AN environment expert has called for action to tackle the climate crisis as it could threaten Scotland’s world-famous whisky industry.

Dr Sarah Halliday, from Dundee University’s Geography and Environmental Science department, said we must tackle a warming planet to prevent an increase in water shortages across Scotland. Unreliable water supplies could also threaten the function of hydropower facilities and its world-famous whisky industry, unless urgent action to tackle climate change is adopted.

Halliday made the warning ahead of an online panel event on the subject, part of the university’s Festival of the Future, on Thursday.

“Climate change is putting increasing pressure on our freshwater resources and dependent ecosystems here in Scotland,” she said.

“Changes in rainfall patterns and increases in extreme events means flash floods and droughts are both becoming increasingly common.

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"In July, over half the month’s rainfall fell in one hour, leading to significant flash flooding in Edinburgh. This was despite the summer of 2021 being the fourth hottest summer since records began. The consequence is that significant areas of Scotland are experiencing moderate water scarcity now.”

Halliday also warned that Scottish industry is at risk from climate change. “If reduced river flow becomes the norm then this has additional consequences,” she added. “Hydropower schemes and whisky distilleries, whose abstraction consents are linked not only to the quantity of water in our rivers but also its temperature, could be disrupted.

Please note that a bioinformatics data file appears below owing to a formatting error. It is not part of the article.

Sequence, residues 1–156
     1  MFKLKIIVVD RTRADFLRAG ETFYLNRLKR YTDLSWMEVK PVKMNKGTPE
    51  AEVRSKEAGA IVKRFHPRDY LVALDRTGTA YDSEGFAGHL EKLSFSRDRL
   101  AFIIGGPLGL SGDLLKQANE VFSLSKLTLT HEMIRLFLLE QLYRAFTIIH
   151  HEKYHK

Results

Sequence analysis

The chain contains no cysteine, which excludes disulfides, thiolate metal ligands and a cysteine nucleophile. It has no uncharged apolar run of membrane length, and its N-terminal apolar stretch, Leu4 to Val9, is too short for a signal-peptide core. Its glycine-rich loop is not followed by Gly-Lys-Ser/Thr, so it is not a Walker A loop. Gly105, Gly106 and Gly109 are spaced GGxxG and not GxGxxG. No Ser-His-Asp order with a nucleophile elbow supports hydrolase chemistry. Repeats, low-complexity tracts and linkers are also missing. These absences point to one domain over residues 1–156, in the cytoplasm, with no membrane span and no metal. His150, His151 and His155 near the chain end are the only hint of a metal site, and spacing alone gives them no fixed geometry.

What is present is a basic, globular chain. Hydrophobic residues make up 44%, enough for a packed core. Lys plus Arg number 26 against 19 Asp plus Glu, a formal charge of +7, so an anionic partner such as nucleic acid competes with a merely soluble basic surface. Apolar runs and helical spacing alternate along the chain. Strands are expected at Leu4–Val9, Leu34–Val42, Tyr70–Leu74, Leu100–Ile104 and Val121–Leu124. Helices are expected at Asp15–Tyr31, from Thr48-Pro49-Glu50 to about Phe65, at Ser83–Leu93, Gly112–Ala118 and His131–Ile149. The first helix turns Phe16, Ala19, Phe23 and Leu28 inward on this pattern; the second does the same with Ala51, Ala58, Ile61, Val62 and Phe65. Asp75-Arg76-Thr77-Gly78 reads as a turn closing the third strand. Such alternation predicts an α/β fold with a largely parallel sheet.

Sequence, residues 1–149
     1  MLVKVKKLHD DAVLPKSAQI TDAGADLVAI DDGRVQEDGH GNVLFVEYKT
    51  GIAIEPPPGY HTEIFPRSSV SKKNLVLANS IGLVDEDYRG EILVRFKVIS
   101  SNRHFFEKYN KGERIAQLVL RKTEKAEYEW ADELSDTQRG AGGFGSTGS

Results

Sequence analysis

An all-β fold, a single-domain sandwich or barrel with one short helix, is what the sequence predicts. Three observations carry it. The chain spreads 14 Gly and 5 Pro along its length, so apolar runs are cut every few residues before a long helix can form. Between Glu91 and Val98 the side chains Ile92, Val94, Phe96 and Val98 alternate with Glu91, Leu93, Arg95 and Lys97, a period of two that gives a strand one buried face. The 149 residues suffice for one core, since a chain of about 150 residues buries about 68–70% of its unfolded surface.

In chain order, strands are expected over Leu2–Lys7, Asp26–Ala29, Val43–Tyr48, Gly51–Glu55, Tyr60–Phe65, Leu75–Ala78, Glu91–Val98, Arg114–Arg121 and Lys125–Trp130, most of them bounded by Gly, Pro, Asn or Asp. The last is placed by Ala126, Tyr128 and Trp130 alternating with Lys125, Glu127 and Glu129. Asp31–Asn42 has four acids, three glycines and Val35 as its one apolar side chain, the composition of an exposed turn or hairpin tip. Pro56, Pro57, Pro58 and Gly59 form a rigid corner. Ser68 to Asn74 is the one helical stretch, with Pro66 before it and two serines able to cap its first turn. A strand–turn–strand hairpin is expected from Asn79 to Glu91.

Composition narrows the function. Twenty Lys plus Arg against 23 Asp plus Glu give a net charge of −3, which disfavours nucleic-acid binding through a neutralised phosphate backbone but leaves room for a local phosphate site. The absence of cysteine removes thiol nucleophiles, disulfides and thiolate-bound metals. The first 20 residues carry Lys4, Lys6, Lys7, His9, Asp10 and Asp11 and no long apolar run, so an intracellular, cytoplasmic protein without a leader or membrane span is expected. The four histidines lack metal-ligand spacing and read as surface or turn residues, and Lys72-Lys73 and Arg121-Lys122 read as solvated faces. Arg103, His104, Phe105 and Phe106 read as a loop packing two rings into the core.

“Reduced rainfall and higher temperatures result in increased need for crop irrigation, exacerbating water shortages, and threatening the future viability of many of our traditional crops. We are running out of time to protect our water resources and that is why it is imperative we adapt, or we will fail to meet the UN Sustainable Development Goal No 6, which ensures availability and sustainable management of water for all.”

Halliday will host three speakers at the event, including Dr Caroline Clason, associate professor of Glaciology at Plymouth University, who will discuss the importance of glaciers as water resources. Joining her will be Dundee University’s Dr Andrew Black, who will discuss natural flood management approaches to mitigate the effects of climate change in Scotland, and Nandan Mukherjee, a post-doctoral research fellow at Dundee, who will introduce his United Nations award-winning work on creating sustainable floating homes in flood-prone regions of Bangladesh.

Festival of the Future COP26 Series: Water, takes place on Thursday from 2pm to 4pm. It is free to attend, but places must be booked in advance online.